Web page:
None of us who chose to specialize in the nervous system could have predicted that neurologists would be responding in the manner we have to an infectious disease.  It was an eye opener. I was on the sidelines as a medical student but hearing about the neurologic presentations of COVID-19 from a loss of smell to stroke to long-term effects, I could not have previously imagined this  scenario. This unpredictability, as well as the many different clinical roles that neurologists were called to fill as part of this crisis response, underscores how important  foundational medical knowledge is as the basis of many subspecialities. I am looking forward to residency to focus on being a neurologist and to becoming a fully functional member of the medical team. ​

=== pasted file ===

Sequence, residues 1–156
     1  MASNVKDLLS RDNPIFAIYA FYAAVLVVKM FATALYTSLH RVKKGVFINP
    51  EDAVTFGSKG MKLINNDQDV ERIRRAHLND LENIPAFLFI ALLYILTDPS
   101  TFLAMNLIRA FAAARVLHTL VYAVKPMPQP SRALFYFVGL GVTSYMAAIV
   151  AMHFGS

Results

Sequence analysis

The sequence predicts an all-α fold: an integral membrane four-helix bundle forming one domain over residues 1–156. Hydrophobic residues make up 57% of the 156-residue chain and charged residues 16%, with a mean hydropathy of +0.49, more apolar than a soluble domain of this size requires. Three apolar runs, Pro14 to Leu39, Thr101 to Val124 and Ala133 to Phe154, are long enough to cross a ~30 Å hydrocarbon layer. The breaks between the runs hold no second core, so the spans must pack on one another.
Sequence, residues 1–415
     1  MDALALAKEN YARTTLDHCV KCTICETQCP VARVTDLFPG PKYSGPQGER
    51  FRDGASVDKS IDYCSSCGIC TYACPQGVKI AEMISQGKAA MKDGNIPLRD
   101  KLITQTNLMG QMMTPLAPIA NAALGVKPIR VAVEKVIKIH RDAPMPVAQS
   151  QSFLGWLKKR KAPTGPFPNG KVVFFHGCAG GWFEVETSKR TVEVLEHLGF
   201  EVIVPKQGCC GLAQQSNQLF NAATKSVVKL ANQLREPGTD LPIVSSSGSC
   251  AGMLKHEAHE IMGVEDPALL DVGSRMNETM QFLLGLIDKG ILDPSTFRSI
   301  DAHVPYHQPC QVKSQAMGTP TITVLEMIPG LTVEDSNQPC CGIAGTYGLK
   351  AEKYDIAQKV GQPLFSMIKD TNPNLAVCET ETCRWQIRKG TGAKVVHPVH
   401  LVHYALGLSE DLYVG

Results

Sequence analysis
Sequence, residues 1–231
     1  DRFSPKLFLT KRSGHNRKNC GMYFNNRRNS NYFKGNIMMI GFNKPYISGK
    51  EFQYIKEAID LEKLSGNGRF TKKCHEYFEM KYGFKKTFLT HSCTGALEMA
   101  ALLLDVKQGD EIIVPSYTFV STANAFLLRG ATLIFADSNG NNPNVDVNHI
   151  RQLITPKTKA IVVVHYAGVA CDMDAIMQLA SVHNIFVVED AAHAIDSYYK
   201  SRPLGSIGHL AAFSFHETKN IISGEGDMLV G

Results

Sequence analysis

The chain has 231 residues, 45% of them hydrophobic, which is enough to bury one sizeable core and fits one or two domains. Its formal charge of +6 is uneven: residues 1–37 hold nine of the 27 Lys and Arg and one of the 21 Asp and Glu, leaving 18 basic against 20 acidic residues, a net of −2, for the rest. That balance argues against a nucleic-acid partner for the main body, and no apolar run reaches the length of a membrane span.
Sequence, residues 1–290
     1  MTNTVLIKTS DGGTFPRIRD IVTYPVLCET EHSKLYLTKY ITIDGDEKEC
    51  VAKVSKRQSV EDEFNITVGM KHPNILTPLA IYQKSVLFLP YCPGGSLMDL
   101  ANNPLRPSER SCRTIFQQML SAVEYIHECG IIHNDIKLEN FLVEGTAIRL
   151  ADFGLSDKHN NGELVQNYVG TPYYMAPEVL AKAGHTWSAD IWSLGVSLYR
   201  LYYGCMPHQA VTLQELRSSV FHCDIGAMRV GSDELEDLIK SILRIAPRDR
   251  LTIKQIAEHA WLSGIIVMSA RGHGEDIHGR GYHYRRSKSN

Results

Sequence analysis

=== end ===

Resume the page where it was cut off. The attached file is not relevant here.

Gabriella de Paz, MSY-4, University of Florida College of Medicine

As an undergraduate at MIT, de Paz studied bioengineering with a concentration in literature, while her best friend enrolled in an entrepreneurship and business track.  One day, after long hours working in a coffee shop, both students ran low on cell phone batteries, and in their frustration, an idea was born.  Why not create wearable battery technology infused into fashion accessories?